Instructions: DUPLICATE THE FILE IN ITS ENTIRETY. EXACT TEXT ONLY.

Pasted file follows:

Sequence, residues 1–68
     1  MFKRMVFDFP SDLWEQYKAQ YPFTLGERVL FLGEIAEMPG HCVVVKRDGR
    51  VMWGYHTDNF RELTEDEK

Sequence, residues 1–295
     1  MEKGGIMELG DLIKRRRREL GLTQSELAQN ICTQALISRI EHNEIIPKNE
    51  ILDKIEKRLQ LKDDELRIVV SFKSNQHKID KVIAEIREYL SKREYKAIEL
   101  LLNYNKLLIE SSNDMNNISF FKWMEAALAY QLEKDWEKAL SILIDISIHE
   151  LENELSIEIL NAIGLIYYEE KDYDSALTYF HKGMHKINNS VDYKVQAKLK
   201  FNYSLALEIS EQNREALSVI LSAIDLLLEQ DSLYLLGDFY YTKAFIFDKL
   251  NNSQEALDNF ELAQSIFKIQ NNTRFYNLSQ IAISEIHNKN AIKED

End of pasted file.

Sequence, residues 1–68
     1  MFKRMVFDFP SDLWEQYKAQ YPFTLGERVL FLGEIAEMPG HCVVVKRDGR
    51  VMWGYHTDNF RELTEDEK

Sequence, residues 1–295
     1  MEKGGIMELG DLIKRRRREL GLTQSELAQN ICTQALISRI EHNEIIPKNE
    51  ILDKIEKRLQ LKDDELRIVV SFKSNQHKID KVIAEIREYL SKREYKAIEL
   101  LLNYNKLLIE SSNDMNNISF FKWMEAALAY QLEKDWEKAL SILIDISIHE
   151  LENELSIEIL NAIGLIYYEE KDYDSALTYF HKGMHKINNS VDYKVQAKLK
   201  FNYSLALEIS EQNREALSVI LSAIDLLLEQ DSLYLLGDFY YTKAFIFDKL
   251  NNSQEALDNF ELAQSIFKIQ NNTRFYNLSQ IAISEIHNKN AIKED